I was having lunch with my friend Melissa* about what we might do if we lost our jobs and somehow had to support families in a perilous situation. Given we are both unmarried, single girls we also decided that somehow we had equally scurrilous men in our lives who were either absent or providing no worthwhile help. While I was musing over the jobs you could do and still find time to support a family, Melissa glanced at me and rolled her eyes.
"It's easy," she said, "just run up credit card bills and get a council house, that way your kids can have whatever they want." And what about when you can't pay them back? “Well then you just claim for bankruptcy and get new ones, the companies are stupid anyway, they let anyone have a credit card these days."
So this is what the 'easy living' of the past few years has borne.
Somehow we've introduced the concept of easy wealth; the idea of earning has been lost between the immediate promise of a shopping spree, a new car, a new house or even the simplest girlish pleasure - that new pair of shoes. If Primark, the holy grail of all cheap, immediately-purchasable items, produced the option of store credit - this would be greedily snatched up in a flurry of fluorescent tops and bio-degradable jewellery. Somehow, the buy now - pay later option has become a way of life that we seemed determined to establish as a right rather than a benefit. The fact of today's society is that a reward for saving needs to be tangible, after years of propagating a spend, spend, spend society it is difficult to see another way forward that will attract the masses back to their banks.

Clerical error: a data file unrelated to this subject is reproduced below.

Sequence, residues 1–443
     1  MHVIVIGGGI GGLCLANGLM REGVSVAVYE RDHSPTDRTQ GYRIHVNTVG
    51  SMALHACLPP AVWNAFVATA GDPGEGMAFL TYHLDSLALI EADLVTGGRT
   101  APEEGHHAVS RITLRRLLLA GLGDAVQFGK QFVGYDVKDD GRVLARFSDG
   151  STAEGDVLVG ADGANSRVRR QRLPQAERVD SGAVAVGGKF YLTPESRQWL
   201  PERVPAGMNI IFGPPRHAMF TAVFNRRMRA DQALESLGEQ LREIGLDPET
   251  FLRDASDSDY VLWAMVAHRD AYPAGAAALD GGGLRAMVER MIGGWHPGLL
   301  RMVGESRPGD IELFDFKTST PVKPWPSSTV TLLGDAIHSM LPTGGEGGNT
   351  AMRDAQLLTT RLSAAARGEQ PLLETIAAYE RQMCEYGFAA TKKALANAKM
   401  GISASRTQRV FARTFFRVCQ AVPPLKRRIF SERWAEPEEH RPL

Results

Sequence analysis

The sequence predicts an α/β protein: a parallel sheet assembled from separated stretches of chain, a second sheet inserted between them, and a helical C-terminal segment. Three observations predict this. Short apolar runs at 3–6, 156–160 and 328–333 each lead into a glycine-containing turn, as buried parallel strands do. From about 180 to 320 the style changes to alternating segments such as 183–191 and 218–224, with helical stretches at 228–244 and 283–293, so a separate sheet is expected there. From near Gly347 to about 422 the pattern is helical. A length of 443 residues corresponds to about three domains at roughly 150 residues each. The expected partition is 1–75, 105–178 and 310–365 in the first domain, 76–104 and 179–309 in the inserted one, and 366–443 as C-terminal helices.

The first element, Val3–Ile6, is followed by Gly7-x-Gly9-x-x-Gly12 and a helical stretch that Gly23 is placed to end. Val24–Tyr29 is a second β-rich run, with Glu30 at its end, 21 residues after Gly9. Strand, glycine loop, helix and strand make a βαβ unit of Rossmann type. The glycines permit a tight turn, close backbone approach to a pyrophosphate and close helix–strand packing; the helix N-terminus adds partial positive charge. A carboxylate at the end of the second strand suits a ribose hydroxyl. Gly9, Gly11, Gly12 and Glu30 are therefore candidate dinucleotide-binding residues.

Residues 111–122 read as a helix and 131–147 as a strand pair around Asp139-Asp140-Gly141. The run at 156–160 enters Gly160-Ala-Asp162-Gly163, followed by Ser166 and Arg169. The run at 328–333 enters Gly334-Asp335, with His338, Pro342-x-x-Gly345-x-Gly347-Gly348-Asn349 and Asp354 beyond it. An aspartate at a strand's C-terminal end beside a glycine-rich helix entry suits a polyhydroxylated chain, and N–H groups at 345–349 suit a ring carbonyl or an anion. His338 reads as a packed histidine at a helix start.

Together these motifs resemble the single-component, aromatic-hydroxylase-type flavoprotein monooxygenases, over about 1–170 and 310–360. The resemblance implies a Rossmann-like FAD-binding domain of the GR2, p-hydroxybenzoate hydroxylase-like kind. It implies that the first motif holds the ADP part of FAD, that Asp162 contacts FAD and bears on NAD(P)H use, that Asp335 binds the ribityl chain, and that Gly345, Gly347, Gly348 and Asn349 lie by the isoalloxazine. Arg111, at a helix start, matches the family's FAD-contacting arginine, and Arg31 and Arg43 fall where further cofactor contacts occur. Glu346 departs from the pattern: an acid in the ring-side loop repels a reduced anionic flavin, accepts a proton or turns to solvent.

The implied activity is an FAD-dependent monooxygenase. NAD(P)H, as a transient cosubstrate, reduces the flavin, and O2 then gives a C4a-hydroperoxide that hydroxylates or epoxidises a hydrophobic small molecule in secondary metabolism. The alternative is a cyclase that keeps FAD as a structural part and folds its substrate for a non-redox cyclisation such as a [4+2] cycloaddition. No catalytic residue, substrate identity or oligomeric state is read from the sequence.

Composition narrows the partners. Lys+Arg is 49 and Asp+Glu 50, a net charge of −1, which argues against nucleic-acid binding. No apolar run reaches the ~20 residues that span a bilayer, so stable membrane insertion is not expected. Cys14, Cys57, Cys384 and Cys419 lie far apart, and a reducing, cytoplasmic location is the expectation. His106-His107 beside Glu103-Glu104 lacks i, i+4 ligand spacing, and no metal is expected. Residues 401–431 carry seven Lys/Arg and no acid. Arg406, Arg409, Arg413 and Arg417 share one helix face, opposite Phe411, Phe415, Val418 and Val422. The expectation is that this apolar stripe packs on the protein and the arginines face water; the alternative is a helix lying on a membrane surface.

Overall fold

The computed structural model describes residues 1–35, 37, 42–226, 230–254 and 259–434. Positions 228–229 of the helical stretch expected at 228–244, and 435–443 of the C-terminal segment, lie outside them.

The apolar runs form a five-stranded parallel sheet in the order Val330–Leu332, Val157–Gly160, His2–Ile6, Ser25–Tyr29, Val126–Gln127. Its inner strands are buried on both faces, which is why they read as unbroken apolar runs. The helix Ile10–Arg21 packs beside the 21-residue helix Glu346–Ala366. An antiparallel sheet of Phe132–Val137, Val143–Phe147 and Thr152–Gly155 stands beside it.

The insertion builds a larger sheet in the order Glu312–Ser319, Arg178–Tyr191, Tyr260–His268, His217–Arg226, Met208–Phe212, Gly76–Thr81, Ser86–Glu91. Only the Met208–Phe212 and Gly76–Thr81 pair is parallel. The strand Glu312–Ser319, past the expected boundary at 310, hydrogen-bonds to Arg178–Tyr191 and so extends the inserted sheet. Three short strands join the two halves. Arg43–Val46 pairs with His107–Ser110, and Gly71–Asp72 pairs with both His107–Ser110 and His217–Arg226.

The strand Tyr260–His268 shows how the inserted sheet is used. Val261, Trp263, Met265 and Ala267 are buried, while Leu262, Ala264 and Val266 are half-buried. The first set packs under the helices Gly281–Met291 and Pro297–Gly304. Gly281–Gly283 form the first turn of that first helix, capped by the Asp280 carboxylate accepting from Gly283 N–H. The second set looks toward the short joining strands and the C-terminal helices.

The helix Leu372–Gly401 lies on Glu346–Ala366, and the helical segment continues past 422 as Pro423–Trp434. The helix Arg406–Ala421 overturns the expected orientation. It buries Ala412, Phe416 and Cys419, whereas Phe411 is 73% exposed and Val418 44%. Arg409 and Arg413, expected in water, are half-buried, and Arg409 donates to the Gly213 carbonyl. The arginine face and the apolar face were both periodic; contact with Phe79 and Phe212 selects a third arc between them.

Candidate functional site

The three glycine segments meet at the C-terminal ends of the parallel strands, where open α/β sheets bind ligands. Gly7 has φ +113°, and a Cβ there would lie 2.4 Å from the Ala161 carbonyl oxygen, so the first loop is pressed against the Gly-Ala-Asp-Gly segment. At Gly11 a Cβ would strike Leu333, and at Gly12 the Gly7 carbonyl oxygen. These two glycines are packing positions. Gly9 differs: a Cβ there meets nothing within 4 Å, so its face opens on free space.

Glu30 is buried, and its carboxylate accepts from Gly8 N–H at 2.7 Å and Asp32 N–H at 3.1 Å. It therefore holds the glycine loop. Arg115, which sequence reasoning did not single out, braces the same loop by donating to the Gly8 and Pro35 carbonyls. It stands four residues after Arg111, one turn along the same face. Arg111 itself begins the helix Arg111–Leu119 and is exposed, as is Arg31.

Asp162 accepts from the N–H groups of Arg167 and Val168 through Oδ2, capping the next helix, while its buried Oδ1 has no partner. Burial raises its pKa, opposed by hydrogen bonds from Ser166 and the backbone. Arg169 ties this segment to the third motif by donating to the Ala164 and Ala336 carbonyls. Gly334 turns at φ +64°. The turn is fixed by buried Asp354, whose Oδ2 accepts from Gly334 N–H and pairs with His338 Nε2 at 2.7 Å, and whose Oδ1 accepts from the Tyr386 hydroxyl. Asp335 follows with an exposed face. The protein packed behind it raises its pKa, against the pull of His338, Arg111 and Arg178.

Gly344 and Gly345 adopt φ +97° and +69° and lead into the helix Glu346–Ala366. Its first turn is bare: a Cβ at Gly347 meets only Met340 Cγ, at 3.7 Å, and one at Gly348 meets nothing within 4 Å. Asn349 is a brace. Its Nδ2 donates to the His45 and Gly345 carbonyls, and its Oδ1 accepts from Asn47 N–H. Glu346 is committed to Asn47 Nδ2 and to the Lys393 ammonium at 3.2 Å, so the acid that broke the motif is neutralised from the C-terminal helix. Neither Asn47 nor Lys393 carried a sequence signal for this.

Another factor that seems to have expedited the debt culture is the blame culture. My favourite afternoon laugh a few years ago were the personal injury adverts, "Nigel couldn't afford this brand new Mercedes, until he tripped and grievously injured himself at work!" I didn't (and still don't) have a problem with the way the advertisers tried to bring in clients, I found it more interesting that they perceived the society of today would be more likely to claim because they thought they could get shiny new status symbols from it, not because it would help them pay bills and support their families during that difficult time. Although I couldn't put my finger on the exact point when we shifted to a society that gains without the pain it had become obvious from the huge rise of high street profits, among other things, that we intended to spend what we had and then what we didn't.
Rinsing the system for personal benefit seems to have reached a new level with the saga of MPs expenses and the folklore that Sir Peter Viggers' duck island will now become. Although I can agree that the idea of an MP claiming for dry rot in a house miles from her constituency or a giant plasma TV being an irksome way for my tax dollars to be spent, the idea that the individual MPs are to blame for claiming for such absurd items seems bizarre. At any point along the way the claims could have been rejected yet they weren't. They were in fact rubber stamped and paid (in some cases long before they reached the front page of The Telegraph) and that really should be the issue. In a system, a culture and a lifestyle where you can say 'me, me, me' with gloriously reckless abandon, why is anyone surprised? The most tiresome and weary aspect is the majority of the self-righteous public, a large amount of whom are unlikely to have voted in the last election given the dwindling numbers, on their moral plinth trying to suggest they wouldn't have done the same. I rather feel sorry for the ducks in their gardens.